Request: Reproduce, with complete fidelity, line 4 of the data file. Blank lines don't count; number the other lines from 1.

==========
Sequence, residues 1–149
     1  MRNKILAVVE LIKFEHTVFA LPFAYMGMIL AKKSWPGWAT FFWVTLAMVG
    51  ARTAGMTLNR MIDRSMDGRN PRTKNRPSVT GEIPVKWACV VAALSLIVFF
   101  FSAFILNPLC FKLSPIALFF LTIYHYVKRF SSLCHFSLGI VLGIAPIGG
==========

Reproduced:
   101  FSAFILNPLC FKLSPIALFF LTIYHYVKRF SSLCHFSLGI VLGIAPIGG